Analysis by Dr. J. Patron of Supposed Blood-stains

Gibraltar, 30th January 1873

At the request of Her Majesty's Attorney General I proceeded on board of the American brig Mary Celeste anchored in this Bay for the purpose of ascertaining whether any marks or stains of blood could be discovered on or in her hulk.

After a careful and minute inspection of the deck of the said vessel some red brown spots about a milimetre thick and half an inch in diameter with a dull aspect were found on deck in the forepart of the vessel these spots were separated with a chissel [sic] and carefully wrapped in paper No.1.

Some other similar spots were equally gathered in different parts of the deck and wrapped in papers numbered, 2, 3, and 4.

Paper No.5 contained a powder grated from a suspicious mark seen on the top-gallant rail part of which was obtained on board and part from a piece of timber belonging to the said vessel in Her Majesty's Attorney General chambers.

I carefully examined the cabin both with natural and artificial light; the floor, the sides of the berths, mattrasses [sic] etc. were minutely searched and nothing worth calling attention was seen that could have any relation with the object of my enquiries.

On the 31. January [This is the day following the date of his report] at 2 o'clock I received from the hands of Mr. Vecchio Marshal of the Supreme Court the five papers above mentioned and numbered 1, 2, 3, 4, and 5 and a sword with its sheath found on board the said vessel.

The spots which were in paper No.1, 2, and 3 were cut in small pieces of about a quarter of an inch long and broad passed through a white thread and suspended half an inch from the bottom of tubes containing a small quantity of distilled water.

The contents of paper No.4 were put in a small filtering bag as their minuteness would not allow any other process of maceration and the same was done with the contents of paper No.5.

The maceration went on in the five tubes for two hours and a quarter; the distilled water remaining after this period as clear and bright as in the very beginning of the experiment.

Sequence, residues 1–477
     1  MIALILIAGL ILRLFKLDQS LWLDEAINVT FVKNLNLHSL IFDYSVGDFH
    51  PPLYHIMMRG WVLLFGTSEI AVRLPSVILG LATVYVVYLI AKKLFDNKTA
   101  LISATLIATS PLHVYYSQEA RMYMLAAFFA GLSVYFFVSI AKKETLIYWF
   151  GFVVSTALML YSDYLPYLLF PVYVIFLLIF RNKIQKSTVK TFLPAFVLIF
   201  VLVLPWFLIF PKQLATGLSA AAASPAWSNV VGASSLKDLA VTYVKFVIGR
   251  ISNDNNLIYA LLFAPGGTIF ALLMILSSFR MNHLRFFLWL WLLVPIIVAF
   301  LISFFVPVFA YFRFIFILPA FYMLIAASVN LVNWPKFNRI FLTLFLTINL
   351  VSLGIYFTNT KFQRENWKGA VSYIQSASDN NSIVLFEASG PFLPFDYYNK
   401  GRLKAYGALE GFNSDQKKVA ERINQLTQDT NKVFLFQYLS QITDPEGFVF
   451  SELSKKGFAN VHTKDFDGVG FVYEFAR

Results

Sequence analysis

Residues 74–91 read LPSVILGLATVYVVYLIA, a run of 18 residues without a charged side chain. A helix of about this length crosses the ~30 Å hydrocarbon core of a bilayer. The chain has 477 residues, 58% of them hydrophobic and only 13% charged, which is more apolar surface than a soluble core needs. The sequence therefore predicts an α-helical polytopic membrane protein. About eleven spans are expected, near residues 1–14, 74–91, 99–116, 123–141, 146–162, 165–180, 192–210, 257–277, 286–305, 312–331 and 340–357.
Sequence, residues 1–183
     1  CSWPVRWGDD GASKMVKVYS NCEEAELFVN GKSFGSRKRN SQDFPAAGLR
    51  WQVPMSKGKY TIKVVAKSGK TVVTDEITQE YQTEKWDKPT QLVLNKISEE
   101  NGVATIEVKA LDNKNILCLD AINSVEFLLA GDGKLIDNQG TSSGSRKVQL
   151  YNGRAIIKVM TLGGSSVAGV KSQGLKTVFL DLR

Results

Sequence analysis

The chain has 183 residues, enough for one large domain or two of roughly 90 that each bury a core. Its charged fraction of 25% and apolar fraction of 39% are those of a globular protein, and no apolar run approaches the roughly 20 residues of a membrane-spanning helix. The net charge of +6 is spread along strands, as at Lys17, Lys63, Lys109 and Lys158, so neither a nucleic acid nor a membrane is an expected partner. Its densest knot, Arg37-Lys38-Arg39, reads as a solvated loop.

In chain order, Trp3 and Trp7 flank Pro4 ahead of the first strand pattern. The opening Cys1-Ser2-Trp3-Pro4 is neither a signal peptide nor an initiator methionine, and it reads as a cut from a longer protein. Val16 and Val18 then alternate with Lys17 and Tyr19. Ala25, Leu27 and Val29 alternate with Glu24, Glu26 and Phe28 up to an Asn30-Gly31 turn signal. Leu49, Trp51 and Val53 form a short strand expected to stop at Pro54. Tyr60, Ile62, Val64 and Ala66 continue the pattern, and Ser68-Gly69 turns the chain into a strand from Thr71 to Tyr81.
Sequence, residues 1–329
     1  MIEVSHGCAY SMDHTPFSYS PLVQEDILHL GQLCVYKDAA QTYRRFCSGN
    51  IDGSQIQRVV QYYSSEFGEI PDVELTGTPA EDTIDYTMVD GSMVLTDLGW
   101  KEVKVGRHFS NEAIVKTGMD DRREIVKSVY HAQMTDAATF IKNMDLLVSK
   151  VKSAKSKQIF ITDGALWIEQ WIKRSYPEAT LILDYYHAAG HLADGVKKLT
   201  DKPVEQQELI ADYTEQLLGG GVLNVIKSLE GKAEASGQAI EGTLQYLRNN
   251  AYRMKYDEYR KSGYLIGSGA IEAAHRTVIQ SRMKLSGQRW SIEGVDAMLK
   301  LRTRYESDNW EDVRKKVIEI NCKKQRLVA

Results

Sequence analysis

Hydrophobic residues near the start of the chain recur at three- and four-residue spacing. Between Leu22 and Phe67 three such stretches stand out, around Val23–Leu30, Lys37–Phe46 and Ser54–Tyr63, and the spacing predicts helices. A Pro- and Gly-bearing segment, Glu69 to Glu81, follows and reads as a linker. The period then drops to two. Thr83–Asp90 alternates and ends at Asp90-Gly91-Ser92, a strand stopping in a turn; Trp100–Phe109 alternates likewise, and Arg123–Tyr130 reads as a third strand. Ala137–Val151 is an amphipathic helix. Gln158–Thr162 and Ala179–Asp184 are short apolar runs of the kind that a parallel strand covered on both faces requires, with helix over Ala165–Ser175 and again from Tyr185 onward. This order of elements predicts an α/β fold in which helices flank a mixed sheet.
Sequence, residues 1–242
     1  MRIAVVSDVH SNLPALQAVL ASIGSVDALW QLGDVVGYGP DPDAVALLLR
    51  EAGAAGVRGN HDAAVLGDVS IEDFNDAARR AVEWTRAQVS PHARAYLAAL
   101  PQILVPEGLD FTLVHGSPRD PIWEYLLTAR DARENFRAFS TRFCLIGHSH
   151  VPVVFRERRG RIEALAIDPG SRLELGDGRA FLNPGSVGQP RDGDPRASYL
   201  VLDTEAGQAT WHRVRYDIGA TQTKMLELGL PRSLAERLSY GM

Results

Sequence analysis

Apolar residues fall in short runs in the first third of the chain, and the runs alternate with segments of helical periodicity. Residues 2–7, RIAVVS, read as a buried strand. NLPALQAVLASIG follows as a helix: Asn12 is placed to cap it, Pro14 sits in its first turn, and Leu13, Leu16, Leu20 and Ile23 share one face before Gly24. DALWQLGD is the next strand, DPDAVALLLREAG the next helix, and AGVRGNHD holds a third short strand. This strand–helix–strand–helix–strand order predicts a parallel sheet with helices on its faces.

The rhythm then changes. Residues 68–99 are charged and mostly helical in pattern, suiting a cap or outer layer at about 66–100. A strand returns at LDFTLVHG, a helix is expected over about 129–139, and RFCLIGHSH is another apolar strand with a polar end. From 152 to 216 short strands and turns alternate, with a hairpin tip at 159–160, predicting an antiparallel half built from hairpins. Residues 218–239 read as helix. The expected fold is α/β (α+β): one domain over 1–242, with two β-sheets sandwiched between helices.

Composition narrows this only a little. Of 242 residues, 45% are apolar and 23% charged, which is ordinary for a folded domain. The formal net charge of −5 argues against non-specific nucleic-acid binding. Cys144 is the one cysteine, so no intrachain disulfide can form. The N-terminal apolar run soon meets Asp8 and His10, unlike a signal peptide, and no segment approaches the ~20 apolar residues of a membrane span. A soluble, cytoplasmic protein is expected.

Notwithstanding I left the things as they were till the next day and 23 hours maceration did not produce any alteration in the transparency of the liquid the water being then heated with the spirit lamp as no precipitate or cloudy aspect appeared I consider the experiment over and of a negative character.

The stains on the pieces of timber remained unaltered in their aspect and the finger which was passed over them was not tinged or stained in any degree their aspect remaining as it was before maceration.

The contents of paper No.5 macerated in the bag were then examined with a microscope and nothing particular was seen but a few particles of rust (Carbonate of Iron) and some fragments of vegetable substance (Fibres of Wood).

The sword presented on its blade about the middle and final part some stains of a more suspicious character; although few very small and superficial, their aspect was reddish and in some parts brilliant like albuminous coloured substance, my first impression was that they were really blood stains, examined with an eight or ten diameter magnifying glass these stains presented an irregular and granulated surface; the granules becoming smaller in proportion of their distance from the central and thickest part.

After in hour and three quarters maceration the transparency of the liquid remained unchanged; heat produced no cloudy alteration in it and the result was as negative as in those of the stains found on the deck.

The largest of these reddish spots was carefully grated from the blade and put under a microscope of Doctor Hartnack objective No.7 and ocular No.3 coresponding to a magnifying power of 330 diameter. A yellow and imperfectly crystalised substance resembling Citrate of Iron presenting here and there some red granules was seen with some fragments of vegetable ramified fibres; but no blood globules could be detected. Three other stains were tested with Hydrochloric Acid and after a perceptible effervescence a yellow stain was produced of chloride of Iron; the insufficiency of the liquid could not permit of any other experiment.

The blade heated under the flame of the spirit lamp recovered a natural brilliancy after the removal by heat of the superficial crust the sheath of the sword was clean inside and with no mark of any kind.

From the preceding negative experiments I feel myself authorized to conclude that according to our present scientifical knowledge there is no blood either in the stains observed on the deck of the Mary Celeste or on those found on the blade of the sword that I have examined.

(Sig'd) J. PATRON